The Institution of Structural Engineers' Joe Kindregan says today's engineers need a more holistic approach to meet the challenges of climate change, globalisation and urbanisation, and the leadership expectations of tomorrow’s engineers will be significant and there will be less emphasis on technical skills and a stronger focus on soft skills
Civil

The Institution of Structural Engineers a global organisation of 27,000 members has a new 2019 president, writes PJ Rudden. He is Joe Kindregan an Irish practising consulting engineer who was previously head of civil and structural engineering at Dublin Institute of Technology now known as TU Dublin our newest university.

His inaugural address, ‘Engineering contributions to humanity through the ages and challenges for 2050’, is a very realistic and forward thinking document. We know structural engineers have very high technical skills and Kindregan was at the top of his UCD civil engineering class, graduating in 1976 and winning the coveted NUI Pierce Malone Scolarship in UCD.

Based on his varied roles in consulting nationally and internationally and 30 years (10 lecturing and 20 as head of school) in DIT his message now to his global structural membership is strikingly different and especially thought provoking.

ICE president Joe Kindregan.

He says that the world is changing, engineers now need a more holistic skilled approach to meet the challenges of climate change, globalisation and urbanisation as there will be greater leadership expectations of tomorrow’s engineers. That means less emphasis on the technical skills and greater attention on the soft skills like communications and sustainability.

The following is a summary of Joe Kindregan’s inaugural address, which too place recently in London:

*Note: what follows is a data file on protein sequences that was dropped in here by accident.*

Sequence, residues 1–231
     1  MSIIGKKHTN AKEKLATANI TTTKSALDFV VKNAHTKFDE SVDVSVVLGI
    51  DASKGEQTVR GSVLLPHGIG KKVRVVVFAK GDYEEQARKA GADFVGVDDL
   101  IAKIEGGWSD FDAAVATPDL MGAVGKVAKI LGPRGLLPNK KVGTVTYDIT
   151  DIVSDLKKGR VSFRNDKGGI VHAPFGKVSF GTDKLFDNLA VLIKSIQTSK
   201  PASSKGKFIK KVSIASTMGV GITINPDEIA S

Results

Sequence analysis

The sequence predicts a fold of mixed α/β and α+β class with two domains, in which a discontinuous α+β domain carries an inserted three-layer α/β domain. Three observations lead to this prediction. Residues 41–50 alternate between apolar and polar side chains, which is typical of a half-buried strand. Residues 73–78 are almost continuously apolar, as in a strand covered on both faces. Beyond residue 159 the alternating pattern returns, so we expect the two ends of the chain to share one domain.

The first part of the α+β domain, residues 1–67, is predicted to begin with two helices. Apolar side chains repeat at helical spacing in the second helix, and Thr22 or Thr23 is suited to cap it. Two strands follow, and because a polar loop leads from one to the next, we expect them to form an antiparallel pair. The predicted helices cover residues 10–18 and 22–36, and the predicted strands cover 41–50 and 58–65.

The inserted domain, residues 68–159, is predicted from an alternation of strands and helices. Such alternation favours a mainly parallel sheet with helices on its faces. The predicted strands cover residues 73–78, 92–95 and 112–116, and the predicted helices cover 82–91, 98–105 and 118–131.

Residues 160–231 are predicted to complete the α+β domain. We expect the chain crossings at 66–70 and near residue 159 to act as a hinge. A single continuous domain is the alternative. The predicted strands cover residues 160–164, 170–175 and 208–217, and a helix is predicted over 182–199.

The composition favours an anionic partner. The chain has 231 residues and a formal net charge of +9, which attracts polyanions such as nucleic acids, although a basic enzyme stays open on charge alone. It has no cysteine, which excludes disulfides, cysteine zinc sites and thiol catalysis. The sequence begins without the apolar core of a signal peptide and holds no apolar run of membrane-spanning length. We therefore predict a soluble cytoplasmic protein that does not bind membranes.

Impact of engineers on society


All engineering disciplines have an influence on members of society, whether it be in the buildings we use, transportation systems, water supply, wastewater and waste management systems, electrical and electronic devices in everyday use, biomedical engineering and influences on the many facets of business and commerce. Engineering influence is all around us in all of our lives.

All of these developments are the result of someone’s creativity and imagination. We must mirror this creativity with openness as we consider the challenges facing engineers of the future.

The history of civil engineering is the history of civilisation. At the start of the third millennium we engineers continue to write that history.

As structural engineers, we might cite the Roman aqueducts, better housing, the discovery of concrete and steel, multistorey buildings like the Burj Khalifa in Dubai, inspiring bridges such as the Millau viaduct in France or the Tamina canyon crossing in Switzerland as contributing to the welfare of humanity.

In the context of engineering’s enormous contribution to society, we need to also recognise the cotton mills of the Industrial Revolution, the invention of the steam engine to herald the advent of mass travel, healthcare inventions such as life-support machines and genetic engineering.